I always got a kick out of watching Bear enter the dog park. He had so much confidence. He swaggered in like a rock star, waiting for the other dogs to run up and admire him, which they did. He would then saunter over and let all the humans pet him and give him compliments. Then he would run and play. Everyone knew me as Bear’s mom, and I loved every minute of it. We went to the dog park daily, and I learned how to laugh again, standing on the sidelines, watching him run like the wind, while I was talking to strangers who became friends—all who loved and cared about me and Bear.

One thing he did always amazed me. On days when I still felt a little blue, somehow, he would sense it. I could never figure out how he knew. I would be standing with other people at the dog park, chatting away in my usual spot near the picnic table, watching him from a distance. Then, suddenly, our eyes would meet from across the park where he was playing. For a moment, he would hold my gaze, and then, he would start running. He wouldn’t take his eyes off of me the whole time. I would tear up watching him coming towards me, his little ears blown back, a big smile on his face, running to me as fast as he could. I would kneel down and he would run into my arms and shower me with kisses and then sit back and smile and let me hug him and thank him for sensing that I needed him, just at that moment.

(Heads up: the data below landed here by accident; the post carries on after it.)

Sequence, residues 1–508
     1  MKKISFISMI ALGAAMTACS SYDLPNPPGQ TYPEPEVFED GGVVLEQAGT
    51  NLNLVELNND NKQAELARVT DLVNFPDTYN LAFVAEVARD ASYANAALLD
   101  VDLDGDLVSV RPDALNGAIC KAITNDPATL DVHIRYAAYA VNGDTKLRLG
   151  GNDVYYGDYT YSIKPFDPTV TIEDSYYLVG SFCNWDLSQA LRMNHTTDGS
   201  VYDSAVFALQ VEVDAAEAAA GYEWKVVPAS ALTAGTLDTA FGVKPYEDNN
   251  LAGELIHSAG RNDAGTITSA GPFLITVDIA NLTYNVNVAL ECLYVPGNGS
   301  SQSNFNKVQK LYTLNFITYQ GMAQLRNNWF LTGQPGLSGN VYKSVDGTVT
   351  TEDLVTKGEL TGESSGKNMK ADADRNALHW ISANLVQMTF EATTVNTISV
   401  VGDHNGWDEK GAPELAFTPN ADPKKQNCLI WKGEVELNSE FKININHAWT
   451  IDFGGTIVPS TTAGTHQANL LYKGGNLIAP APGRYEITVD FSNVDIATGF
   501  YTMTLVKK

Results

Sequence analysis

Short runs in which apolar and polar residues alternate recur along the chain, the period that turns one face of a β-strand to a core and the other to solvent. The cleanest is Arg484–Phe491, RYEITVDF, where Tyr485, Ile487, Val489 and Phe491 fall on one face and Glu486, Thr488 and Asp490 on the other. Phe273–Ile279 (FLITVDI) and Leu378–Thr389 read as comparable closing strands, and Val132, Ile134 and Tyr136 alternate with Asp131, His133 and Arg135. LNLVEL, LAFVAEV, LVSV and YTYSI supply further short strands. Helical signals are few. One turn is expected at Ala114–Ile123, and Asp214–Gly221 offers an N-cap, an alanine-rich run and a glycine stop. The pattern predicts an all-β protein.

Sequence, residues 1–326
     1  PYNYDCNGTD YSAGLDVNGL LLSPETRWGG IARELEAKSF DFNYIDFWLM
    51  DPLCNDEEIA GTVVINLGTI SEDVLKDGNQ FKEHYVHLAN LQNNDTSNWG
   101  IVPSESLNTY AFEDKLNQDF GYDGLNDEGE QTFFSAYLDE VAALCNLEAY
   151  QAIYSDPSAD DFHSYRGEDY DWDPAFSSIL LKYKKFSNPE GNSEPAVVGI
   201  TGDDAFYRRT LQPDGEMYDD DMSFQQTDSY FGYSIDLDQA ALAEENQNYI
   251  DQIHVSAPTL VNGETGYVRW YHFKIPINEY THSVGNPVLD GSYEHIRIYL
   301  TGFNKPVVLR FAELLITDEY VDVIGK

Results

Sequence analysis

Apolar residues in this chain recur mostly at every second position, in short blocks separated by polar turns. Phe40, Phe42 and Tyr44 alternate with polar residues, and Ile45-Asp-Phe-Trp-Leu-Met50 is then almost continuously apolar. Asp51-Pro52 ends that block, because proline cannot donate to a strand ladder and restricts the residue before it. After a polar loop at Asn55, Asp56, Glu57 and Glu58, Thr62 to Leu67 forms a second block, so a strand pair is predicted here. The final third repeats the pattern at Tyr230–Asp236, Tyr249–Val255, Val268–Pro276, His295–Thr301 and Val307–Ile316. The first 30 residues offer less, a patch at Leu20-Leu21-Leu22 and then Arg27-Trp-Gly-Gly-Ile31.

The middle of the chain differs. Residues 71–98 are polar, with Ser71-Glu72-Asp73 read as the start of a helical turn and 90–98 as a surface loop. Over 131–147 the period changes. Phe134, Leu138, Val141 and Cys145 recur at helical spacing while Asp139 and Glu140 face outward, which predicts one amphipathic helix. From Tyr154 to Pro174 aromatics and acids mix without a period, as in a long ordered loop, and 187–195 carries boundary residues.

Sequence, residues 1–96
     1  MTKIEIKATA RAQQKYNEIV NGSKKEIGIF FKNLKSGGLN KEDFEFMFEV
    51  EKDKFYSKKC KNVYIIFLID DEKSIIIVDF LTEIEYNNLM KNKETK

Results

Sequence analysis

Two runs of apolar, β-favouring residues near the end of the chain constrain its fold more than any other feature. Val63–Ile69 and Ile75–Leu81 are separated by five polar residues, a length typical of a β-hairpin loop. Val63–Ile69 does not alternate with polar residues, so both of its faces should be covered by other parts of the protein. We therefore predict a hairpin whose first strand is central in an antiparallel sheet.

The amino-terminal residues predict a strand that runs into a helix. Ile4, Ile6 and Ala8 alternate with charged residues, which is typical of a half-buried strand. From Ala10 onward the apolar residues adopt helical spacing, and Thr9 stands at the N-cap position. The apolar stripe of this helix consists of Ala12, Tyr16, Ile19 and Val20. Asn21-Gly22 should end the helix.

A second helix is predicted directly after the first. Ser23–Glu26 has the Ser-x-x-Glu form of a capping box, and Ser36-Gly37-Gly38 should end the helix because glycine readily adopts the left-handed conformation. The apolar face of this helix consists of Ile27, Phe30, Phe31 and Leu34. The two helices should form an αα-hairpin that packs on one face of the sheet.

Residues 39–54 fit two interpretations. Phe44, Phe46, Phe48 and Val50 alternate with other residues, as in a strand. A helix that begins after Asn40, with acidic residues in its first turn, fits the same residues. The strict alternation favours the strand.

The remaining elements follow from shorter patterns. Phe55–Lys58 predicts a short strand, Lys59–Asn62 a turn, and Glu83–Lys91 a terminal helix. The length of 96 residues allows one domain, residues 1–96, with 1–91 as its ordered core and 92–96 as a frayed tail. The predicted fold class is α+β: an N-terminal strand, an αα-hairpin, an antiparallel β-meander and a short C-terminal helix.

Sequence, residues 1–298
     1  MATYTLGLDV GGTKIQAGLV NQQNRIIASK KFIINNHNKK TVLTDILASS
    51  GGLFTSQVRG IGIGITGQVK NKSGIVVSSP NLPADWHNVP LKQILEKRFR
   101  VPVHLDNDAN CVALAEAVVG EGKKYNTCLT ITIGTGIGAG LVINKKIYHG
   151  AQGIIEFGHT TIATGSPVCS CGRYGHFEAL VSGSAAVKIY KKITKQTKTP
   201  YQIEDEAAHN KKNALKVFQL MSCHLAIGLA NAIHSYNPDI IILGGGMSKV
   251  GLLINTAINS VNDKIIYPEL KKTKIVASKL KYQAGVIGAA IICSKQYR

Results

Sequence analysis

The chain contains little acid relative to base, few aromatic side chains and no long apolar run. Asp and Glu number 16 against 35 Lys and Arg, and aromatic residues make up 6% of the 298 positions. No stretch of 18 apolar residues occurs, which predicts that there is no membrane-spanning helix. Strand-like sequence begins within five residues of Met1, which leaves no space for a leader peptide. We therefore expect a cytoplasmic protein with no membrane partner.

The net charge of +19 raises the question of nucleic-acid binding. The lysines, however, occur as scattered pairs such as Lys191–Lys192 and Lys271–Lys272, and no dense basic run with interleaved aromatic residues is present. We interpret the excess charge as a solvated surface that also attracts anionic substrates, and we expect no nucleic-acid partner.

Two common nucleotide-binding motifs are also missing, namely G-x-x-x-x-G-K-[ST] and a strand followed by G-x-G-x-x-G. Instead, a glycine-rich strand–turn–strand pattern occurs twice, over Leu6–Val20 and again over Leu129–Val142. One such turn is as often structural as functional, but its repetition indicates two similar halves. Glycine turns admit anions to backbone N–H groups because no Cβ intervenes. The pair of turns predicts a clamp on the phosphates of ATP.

He always knew.

Bear pulled me out of the worst part of my life and led me into the next. His unconditional love let me open my heart again, something I couldn’t imagine doing at the time, and before Bear was a year old, I had met the man I would marry. Shea has admitted that seeing Bear’s pictures on Facebook had left him as excited to meet Bear as he was to see me. (I can’t say I blamed him).